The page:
If you haven’t been to Nicaragua, you probably haven’t met Vigorón. I had my first encounter with Vigorón just the other day.
Vigorón is not a person, nor a place, but a traditional Nicaraguan dish. Boiled yucca, a potato-like root vegetable, topped with cabbage salad – similar to coleslaw without the mayo, served with chicharrones and sliced mimbros.
Chicharrones, for those of you who may not be acquainted, are crispy pieces of pork skin traditionally cooked in lard, while mimbros are a small vegetablish thing (don’t quote me on that) with a super sour, almost citrus flavor. In traditional Vigorón, slices of mimbro are mixed together with the cabbage salad.
According to Nicaraguans, the ultimate bite of Vigorón is a piece of yucca, a bit of cabbage salad, a small slice of mimbro, and a bite of chicharron.
Now that you’ve met Vigoron, I wanted to introduce you to a few other dishes from Nica.
I think you’re going to like them.
One of my favorite parts of traveling is discovering the local food. It’s a window into the local culture.
Here’s a look at what I’ve found so far:
A “plato tipico”, or typical plate, usually consists of one of the following: grilled chicken, steak or pork, known here as pollo asado, res or cerdo. Lightly seasoned and barbecued, it’s good stuff.
Gallo pinto is a mix of boiled red beans and white rice. A staple here in Nica, it’s made better with chili on top.
Ensalada de repollo is the cabbage salad I described when I introduced you to Vigorón. It’s shaved cabbage and carrots and comes as a side to just about everything. Like gallo pinto, it’s made better with chili.
Maduros are what we know in the states as fried plantains. Here in Nica, they’re browned until soft and caramelized. If you’re a sweet and savory, pineapple and ham pizza person, you’ll love a bite of grilled meat and a bite of maduro.
Tejadas are plantain chips, sliced super thin and fried to a crisp. On the street, you can find women selling them in bags. Cabbage salad and chile are optional additions. I’ve even seen signs offering them with cheese on top. The nacho lover in me is looking forward to trying this.
Queso frito is thinly sliced cheese, which is fried. If you’re thinking that Nicaraguans like to fry things, you are correct. I have come to love queso frito, but who wouldn’t love fried cheese. It’s sort of like a deep fried Twinkie — not really necessary, but so good.
On the topic of cheese, the quesillo is a renown dish here in Nica. Cheese is the main event. Your classic quesillo is a fresh corn tortilla, layered with a thin slice of mozzarella-like quesillo cheese, a scoop of pickled onions, a sprinkle of salt, and a dollop of crema – the local version of sour cream. I didn’t say it was healthy. At least it isn’t fried.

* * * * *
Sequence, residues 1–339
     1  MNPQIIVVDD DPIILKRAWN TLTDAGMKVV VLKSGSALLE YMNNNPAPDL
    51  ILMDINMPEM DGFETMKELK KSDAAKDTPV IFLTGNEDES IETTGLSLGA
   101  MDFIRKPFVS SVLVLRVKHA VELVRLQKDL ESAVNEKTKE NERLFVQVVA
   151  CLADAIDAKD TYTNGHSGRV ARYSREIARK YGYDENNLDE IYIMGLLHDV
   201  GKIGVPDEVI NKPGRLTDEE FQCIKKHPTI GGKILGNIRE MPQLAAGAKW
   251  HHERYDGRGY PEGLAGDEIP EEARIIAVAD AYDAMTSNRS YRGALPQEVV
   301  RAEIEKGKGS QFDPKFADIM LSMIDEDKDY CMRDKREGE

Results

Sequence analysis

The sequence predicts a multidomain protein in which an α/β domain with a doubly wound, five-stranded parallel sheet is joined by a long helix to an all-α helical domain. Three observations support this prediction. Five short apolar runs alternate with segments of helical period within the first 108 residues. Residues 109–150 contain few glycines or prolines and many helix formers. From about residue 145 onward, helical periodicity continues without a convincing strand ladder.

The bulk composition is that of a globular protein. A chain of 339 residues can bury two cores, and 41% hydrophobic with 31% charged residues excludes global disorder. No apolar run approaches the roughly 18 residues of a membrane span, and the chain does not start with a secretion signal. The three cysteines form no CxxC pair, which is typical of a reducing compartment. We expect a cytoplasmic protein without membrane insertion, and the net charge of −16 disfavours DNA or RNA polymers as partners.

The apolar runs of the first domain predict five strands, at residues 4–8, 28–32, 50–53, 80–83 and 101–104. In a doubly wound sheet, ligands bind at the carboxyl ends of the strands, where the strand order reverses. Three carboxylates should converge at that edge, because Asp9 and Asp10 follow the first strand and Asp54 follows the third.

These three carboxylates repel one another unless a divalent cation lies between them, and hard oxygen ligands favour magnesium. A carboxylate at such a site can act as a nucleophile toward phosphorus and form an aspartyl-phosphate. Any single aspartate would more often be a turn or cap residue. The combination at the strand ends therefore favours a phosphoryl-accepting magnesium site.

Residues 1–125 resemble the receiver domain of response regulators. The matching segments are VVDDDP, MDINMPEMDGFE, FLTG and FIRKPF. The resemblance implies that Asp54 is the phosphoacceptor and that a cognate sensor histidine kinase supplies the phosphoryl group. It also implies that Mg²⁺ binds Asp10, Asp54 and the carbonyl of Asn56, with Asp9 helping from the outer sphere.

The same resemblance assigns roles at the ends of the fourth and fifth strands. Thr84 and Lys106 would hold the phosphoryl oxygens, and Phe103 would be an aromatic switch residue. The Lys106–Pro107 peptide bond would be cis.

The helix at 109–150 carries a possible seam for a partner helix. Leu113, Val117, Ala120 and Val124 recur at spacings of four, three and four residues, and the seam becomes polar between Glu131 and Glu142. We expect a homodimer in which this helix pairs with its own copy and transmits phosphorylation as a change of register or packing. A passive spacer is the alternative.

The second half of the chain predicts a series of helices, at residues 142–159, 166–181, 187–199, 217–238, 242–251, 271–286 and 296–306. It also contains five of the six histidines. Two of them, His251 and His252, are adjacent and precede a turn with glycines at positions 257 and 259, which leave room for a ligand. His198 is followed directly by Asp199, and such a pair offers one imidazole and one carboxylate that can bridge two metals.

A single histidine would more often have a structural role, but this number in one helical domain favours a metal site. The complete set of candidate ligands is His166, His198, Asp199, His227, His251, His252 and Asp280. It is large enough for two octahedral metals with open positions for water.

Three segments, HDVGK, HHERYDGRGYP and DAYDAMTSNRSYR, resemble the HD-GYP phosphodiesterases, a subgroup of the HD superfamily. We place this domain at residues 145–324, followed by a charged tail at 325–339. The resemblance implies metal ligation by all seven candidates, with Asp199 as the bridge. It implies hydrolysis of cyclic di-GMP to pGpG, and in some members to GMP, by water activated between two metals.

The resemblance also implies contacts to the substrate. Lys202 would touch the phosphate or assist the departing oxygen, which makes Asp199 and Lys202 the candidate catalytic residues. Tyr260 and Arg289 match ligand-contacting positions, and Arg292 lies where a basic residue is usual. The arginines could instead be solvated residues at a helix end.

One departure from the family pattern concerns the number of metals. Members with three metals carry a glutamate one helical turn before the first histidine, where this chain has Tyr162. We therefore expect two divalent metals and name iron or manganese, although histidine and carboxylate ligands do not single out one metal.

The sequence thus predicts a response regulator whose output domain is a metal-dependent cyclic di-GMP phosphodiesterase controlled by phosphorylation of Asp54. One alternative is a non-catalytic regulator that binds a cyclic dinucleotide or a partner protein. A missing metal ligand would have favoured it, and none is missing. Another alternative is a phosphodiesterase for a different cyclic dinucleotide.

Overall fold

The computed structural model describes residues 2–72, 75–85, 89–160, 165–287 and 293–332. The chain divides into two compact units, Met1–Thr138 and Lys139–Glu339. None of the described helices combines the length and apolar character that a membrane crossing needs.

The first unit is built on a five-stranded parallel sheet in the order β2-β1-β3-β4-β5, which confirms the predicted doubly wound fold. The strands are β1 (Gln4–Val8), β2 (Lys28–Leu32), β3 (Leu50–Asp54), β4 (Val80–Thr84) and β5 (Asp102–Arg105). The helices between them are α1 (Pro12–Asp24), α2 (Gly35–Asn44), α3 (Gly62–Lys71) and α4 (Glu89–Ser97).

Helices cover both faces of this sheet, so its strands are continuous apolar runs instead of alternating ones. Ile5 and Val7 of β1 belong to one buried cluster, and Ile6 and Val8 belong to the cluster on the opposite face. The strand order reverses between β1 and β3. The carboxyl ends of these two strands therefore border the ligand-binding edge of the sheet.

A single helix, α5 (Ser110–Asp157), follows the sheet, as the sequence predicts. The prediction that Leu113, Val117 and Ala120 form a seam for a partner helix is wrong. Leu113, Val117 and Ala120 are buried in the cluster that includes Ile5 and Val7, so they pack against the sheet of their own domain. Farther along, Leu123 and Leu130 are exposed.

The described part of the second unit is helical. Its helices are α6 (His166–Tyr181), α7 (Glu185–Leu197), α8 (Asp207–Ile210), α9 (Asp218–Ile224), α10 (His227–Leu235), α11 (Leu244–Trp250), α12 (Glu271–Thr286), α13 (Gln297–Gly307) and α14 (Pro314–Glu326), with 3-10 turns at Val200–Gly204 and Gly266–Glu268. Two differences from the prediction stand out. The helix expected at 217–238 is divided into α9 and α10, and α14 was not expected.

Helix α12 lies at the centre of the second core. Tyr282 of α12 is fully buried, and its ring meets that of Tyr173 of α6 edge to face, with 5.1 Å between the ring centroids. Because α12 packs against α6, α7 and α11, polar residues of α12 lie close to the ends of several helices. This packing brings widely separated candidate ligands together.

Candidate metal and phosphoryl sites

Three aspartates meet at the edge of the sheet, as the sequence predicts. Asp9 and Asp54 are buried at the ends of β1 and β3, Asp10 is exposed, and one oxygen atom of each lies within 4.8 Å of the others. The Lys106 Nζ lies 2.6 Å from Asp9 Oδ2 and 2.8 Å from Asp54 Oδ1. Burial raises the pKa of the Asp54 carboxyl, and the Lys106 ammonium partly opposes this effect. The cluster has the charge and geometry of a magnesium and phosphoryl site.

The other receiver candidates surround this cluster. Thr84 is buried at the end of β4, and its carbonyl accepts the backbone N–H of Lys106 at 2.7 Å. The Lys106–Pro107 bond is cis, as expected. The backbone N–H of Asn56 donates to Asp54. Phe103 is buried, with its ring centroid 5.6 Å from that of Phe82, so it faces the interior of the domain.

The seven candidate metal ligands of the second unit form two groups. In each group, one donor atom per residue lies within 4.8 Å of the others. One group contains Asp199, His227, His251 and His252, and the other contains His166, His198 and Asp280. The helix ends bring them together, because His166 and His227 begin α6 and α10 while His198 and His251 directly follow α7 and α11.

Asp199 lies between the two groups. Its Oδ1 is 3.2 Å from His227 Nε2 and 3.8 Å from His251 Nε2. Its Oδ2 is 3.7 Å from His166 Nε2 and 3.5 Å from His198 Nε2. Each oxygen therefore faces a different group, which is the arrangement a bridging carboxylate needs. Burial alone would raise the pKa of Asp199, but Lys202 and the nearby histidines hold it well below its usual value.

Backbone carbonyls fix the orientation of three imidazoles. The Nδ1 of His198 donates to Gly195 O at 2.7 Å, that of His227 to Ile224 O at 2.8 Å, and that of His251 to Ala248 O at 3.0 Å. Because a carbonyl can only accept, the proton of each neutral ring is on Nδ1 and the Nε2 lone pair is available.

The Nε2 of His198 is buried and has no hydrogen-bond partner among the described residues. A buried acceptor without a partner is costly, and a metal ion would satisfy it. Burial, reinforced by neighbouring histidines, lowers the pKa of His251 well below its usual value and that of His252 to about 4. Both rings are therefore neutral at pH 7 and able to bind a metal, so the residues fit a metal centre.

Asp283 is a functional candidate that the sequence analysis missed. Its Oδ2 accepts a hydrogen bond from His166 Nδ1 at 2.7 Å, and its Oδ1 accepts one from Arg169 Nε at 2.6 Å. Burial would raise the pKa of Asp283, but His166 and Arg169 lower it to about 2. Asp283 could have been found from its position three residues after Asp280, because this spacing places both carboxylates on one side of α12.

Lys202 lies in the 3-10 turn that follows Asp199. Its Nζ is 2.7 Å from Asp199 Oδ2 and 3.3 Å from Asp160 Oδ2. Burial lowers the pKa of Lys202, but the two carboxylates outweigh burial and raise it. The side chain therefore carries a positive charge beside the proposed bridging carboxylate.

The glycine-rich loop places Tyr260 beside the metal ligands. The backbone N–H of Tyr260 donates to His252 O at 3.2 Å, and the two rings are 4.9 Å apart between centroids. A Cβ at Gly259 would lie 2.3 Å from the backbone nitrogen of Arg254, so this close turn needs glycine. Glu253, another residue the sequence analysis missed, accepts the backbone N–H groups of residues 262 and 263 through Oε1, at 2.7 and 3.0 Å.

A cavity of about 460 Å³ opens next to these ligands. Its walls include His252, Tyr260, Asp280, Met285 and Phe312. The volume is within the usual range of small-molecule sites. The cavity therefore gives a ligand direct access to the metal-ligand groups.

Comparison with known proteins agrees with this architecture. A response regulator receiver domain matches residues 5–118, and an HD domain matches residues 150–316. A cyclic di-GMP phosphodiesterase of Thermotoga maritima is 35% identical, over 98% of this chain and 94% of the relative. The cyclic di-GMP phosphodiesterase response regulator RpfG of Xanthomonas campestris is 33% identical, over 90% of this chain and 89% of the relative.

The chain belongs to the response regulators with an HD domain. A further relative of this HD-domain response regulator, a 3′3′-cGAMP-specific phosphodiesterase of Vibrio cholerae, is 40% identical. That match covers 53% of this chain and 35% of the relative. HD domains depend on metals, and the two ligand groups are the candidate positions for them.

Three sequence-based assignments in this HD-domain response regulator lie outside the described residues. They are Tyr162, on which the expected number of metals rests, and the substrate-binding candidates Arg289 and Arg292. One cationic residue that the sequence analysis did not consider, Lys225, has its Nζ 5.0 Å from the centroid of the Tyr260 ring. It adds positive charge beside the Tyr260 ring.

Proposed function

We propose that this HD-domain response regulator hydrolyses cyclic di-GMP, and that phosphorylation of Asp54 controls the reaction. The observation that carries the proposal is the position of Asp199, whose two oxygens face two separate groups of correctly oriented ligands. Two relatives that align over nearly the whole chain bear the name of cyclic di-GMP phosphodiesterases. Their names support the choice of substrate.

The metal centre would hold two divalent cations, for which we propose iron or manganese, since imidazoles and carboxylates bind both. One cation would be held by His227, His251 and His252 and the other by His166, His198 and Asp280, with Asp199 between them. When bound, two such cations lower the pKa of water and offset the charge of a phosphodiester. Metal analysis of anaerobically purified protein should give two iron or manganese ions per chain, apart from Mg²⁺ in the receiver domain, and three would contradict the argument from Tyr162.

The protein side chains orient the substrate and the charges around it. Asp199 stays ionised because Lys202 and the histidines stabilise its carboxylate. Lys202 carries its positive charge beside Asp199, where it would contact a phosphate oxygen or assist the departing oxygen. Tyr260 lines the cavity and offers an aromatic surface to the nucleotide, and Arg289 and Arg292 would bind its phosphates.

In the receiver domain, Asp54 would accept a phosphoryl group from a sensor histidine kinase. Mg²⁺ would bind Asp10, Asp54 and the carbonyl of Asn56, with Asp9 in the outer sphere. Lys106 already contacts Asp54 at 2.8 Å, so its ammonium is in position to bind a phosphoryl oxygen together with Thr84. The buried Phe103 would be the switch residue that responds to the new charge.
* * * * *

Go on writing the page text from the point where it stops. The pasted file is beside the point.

For a Californian like me, who likes Mexican food more than a lot of Mexicans, ordering a taco or enchilada in Nica can really throw you for a loop. Order a taco, and you’ll be served what we know in Cali as a taquito — a rolled corn tortilla, filled with meat and fried. Here in Nica, they’ll top it with, surprise, cabbage salad. The kicker is they will then, unless you stop them, put ketchup and sour cream on top. Ketchup on a taquito? No gracias.
An enchilada here in Nica is not a rolled corn tortilla filled with meat, cheese or vegetables and covered with enchilada sauce and cheese. An Nicaraguan enchilada is a corn tortilla filled with rice and meat, folded in half and deep fried. I told you they like to fry stuff.
I was ecstatic to find that Nicaraguans love their chili as much as I do. Their vinegar based chili sauce is available everywhere, and makes everything better. Finely chopped onions and chili pieces give you amazing breath, but nothing a refresco can’t take of.
Refrescos are the drink of choice here in Nica. I should rephrase that by saying they are the non-alcoholic drink of choice. Rum and the national beer Toña, win as the drinks of choice.
Refrescos are fruit juices made with any blend of fresh fruit — from the sweet and sour calala fruit to the pungently flavorful guanábana fruit. I personally think guanábana tastes and smells like gym socks and would not recommend this refresco. I’m just saying. Refrescos are typically made with purified water (at least that’s what I keep telling myself) and served over ice.
Cacao is the only refresco I’ve found made with milk. To make it, the same cacao used to make chocolate is ground until it resembles a paste. The paste is then blended with milk and sugar and sometimes cinnamon. If I had to compare it to something, I’d say it’s like an iced version of Mexican hot chocolate. It’s also a meal on it’s own.
I’m digging the culinary landscape of Nica so far. I keep telling myself that all the fruit I’m eating is balancing out the fried cheese. We shall see.